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EEN Celebrates EPA’s Updated Methane Rule

What a momentous day for the health of God’s children – praise God! Today, the Environmental Protection Agency (EPA) released an updated rule to cut methane and other harmful pollutants from oil and gas operations across the U.S. The proposed standard would reduce 36 million tons of leaked methane, 9.7 million tons of Volatile Organic Compounds (VOC’s) smog-producing compounds, and 390,000 tons of hazardous air pollutants (HAP’s) such as cancer-causing benzene. These reductions will have a profound impact in defending our kids’ health and lives and will also significantly contribute to addressing the climate crisis.

We thank Administrator Regan and the EPA team for their long hours and persistent work in getting this new proposal out for public comment.

Together, with the more than 133,000 pro-life Christians who submitted comments to the EPA regarding the original proposed rule, we at the Evangelical Environmental Network recognize the life-threatening danger methane pollution poses to our children – both born and unborn – and the urgent need for strong protective action.

Every child is precious in the sight of God and deserves to be defended from the threat of poisons emitted from oil and gas production, distribution, and transportation. These include known cancer-causing toxics like benzene, VOCs that increase ozone levels, and methane. Methane is an over 80 times more potent greenhouse gas than CO2 in the first twenty years and a major contributor to global warming and climate-fueled extreme weather. Rising temperatures not only pose the threat of heat illness and death during heat waves, but also directly contribute to worsening ozone levels. The medical and scientific literature is clear – living within 0.5 miles of a methane extraction or production site harms our children,[1] and newer research suggests that even those living further afield within a 5-mile radius may also be at risk.

New geospatial analysis released by Earthworks and FracTracker shows that more than 17.3 million people – including 3.9 million children under 18 – live within the half-mile health threat radius of active oil and gas production operations. Within my home state of Pennsylvania at least 310,896 kids face this hazard.[2] This makes addressing fugitive and leaking methane from both existing and new oil/gas facilities a moral responsibility.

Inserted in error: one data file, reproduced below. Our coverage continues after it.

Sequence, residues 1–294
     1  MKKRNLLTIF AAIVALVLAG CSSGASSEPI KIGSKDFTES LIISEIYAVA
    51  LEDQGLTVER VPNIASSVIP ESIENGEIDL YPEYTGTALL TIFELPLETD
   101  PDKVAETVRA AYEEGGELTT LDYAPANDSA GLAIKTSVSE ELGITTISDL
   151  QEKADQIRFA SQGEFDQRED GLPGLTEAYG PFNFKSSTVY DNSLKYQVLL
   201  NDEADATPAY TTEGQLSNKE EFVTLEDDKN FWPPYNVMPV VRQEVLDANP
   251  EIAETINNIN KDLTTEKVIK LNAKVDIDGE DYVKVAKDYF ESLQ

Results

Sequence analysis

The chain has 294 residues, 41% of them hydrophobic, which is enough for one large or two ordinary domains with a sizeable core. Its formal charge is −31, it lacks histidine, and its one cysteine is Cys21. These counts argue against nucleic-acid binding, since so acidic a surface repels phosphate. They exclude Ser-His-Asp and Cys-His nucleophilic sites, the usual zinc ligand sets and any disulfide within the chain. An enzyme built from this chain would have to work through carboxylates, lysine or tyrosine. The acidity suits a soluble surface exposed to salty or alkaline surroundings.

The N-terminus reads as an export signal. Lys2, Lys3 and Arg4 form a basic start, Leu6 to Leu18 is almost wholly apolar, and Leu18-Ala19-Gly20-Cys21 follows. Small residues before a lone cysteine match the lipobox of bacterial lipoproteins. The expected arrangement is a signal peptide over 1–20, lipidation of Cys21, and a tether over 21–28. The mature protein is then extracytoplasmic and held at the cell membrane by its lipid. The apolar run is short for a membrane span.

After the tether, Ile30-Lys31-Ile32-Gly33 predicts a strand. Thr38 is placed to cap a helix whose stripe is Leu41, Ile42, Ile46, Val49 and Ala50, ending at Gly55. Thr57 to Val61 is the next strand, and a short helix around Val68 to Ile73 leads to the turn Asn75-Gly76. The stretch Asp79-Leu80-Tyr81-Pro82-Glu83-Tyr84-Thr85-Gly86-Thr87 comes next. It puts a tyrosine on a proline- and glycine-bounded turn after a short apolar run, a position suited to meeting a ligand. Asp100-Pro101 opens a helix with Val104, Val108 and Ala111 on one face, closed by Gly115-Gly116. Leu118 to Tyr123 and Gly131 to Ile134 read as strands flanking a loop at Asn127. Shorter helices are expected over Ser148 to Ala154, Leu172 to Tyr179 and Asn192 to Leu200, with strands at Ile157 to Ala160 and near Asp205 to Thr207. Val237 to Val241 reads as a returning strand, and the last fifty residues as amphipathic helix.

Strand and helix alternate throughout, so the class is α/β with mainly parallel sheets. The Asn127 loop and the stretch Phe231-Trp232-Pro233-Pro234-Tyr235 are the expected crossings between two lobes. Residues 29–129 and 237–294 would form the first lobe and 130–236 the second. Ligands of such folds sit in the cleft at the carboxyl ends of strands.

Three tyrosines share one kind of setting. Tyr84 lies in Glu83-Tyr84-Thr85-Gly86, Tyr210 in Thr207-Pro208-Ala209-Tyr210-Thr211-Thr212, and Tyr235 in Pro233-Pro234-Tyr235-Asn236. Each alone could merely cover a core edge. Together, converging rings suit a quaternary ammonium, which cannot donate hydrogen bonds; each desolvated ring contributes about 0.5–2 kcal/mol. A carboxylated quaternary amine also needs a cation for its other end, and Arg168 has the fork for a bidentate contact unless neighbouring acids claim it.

As pro-life evangelicals, we have a special concern for the unborn. We want children to be born healthy and unhindered by the ravages of pollution even before they take their first breath. The medical community has long known that unborn children are especially vulnerable to environmental impacts. Of these impacts, fossil fuels are the most serious threat to children’s health worldwide.[3] The once-held belief that a pregnant mother gives chemical protection to her developing child is untrue. Studies have shown that smog, VOCs, soot, and air toxics have a disproportionate impact upon life in the womb. Research by Dr. Shaina L. Stacy and others at the University of Pittsburgh found close proximity to unconventional gas wells in Butler County, PA is associated with babies born with lower birthweight.[4] Additionally, Dr. Lisa M. McKenzie with the Colorado School of Public Health published peer reviewed research that links birth defects to methane production.[5] Research by Casey J.A., et al (2019) further describes that living within a half-mile radius of natural gas development leads to increased brain, spine, or spinal cord birth defects.[6]